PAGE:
There is not much difference between Republicans and Democrats when it comes to military spending. Most likely your representative is for maintaining bloated military expenditures no matter what their party affiliation.
Moreover, key Republicans are even willing to raise your taxes to support this bloat.
Please consider GOP, Dems Differ on How to Save Defense Budget
U.S. Representative Howard P. “Buck” McKeon, the California Republican who leads the U.S. House Armed Services Committee, and Adam Smith of Washington, the panel’s top Democrat, are urging Congress’s supercommittee to avoid further cuts to the Pentagon’s budget.
Their Senate counterparts are likely to do the same. Where McKeon and Smith disagree is on how that might be done.
In the Senate, Carl Levin of Michigan, chairman of the armed services panel, and John McCain of Arizona, the panel’s top Republican, repeatedly said this month and last that they wouldn’t recommend further cuts beyond the roughly $450 billion in reductions already projected over the next 10 years.
Hawaii Democrat Daniel Inouye, who leads the Senate Appropriations panel, said last week that cutting the defense budget more than already planned would be “detrimental” to national security.
McCain today called for no further defense cuts. In a letter to the supercommittee, he supported a proposal made by President Barack Obama to establish an annual enrollment fee for the military’s Tricare for Life health insurance program.
“While this fee increase would hit those age 65 and over, a group on mostly fixed incomes who are vulnerable to unanticipated changes in expenses, I believe this fee increase is a reasonable step,” McCain wrote.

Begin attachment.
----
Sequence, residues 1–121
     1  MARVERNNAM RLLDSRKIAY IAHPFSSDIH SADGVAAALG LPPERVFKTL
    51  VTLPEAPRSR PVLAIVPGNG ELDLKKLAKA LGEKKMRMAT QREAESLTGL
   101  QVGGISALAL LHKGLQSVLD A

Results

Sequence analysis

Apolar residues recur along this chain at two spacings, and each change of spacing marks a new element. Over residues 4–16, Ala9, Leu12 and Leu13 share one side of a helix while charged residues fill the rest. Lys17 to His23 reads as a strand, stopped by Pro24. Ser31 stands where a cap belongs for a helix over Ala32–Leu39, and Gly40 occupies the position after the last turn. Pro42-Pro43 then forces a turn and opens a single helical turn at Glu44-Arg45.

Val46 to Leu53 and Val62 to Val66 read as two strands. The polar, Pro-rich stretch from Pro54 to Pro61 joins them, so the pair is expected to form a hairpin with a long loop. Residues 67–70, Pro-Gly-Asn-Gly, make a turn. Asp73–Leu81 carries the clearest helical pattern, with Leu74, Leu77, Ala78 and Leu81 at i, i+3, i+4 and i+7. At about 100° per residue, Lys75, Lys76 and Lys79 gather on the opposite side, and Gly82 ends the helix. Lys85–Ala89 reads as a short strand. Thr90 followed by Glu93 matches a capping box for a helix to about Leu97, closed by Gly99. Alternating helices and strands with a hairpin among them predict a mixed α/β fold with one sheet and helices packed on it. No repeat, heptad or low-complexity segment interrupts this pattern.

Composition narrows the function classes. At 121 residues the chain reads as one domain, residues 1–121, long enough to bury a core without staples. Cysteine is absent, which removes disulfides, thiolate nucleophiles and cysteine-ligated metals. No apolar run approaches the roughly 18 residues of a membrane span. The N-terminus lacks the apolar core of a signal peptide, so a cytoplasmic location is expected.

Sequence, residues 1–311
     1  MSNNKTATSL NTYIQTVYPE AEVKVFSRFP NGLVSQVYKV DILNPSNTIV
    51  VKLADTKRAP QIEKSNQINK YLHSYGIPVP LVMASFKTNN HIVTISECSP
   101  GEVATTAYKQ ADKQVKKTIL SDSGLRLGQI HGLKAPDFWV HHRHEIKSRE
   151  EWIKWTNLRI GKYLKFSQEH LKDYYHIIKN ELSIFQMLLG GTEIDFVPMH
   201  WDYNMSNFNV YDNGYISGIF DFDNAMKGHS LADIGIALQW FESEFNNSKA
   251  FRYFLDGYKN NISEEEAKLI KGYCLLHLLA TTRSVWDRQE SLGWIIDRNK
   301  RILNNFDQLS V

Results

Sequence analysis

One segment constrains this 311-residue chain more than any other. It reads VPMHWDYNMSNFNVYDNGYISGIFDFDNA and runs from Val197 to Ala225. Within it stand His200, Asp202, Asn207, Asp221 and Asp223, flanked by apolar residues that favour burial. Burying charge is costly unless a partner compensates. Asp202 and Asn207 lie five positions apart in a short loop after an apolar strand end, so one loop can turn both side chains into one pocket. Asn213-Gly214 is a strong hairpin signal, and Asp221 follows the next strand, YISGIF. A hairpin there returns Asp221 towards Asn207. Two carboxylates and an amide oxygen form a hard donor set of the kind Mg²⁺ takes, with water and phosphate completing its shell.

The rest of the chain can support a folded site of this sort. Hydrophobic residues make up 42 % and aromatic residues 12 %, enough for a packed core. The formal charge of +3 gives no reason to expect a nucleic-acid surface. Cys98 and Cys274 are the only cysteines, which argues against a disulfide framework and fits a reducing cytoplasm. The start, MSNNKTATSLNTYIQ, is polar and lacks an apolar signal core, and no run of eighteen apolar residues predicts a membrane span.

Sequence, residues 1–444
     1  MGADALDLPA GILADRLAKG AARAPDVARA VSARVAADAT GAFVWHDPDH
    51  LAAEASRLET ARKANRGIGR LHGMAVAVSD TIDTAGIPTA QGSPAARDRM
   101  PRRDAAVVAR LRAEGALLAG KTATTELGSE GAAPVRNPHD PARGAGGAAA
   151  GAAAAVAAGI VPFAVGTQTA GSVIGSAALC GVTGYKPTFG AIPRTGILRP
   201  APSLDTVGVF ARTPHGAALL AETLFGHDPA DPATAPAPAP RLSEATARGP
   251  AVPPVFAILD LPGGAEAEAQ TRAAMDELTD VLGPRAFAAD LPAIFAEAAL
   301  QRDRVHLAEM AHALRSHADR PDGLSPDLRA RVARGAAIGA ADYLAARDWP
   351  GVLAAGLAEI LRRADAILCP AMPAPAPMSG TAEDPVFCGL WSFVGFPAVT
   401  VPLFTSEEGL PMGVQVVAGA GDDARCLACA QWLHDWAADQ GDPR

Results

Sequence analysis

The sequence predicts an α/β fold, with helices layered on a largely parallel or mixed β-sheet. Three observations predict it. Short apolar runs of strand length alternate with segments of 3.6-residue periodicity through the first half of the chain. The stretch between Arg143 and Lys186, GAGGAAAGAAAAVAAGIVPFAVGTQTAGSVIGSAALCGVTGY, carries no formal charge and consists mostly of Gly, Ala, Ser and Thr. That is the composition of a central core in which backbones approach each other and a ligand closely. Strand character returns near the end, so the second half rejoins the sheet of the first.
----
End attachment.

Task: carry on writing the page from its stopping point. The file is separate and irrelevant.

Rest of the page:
The Defense Department faces cuts of about $450 billion from its 10-year spending plans, even before the supercommittee makes its recommendations. If Congress fails to act on the recommendations by Dec. 23, the August budget bill signed by President Barack Obama calls for automatic cuts, including an additional $500 billion from defense spending over a decade, not including interest.
McKeon told an audience at the American Enterprise Institute on Sept. 12 that his “suspicion” was “the White House and congressional Democrats insisted on that defense number for one purpose: to force Republicans to choose between raising taxes or gutting defense.”
During a question and answer period after his speech, McKeon said that, if he were faced with the choice between raising taxes or protecting the defense budget, he would “go to strengthen defense.”
Radical Plan for Cutting Defense Budget
There you have it, Howard P. “Buck” McKeon would rather raise your taxes than cut the defense budget.
Here is the alternative from retired Col. Douglas Macgregor (hardly a pacifist): A Radical Plan for Cutting the Defense Budget and Reconfiguring the U.S. Military by retired Col. Douglas Macgregor.
In the spirit of spending wisely, here is my plan to reconfigure the military for the demands and threats of the 21st-century world and, in doing so, dramatically cut the Pentagon budget:
Today, there are more than 317,000 active-duty U.S. military personnel stationed or deployed overseas. In the Central Command theater of operations, encompassing Iraq and Afghanistan, there are approximately 180,000 active-component personnel as well as over 45,000 reservists. Approximately 150,000 active-component U.S. military personnel are officially assigned to Europe and Asia. And some estimates note that there are two civilians and supporting contractors for each service member in certain locations.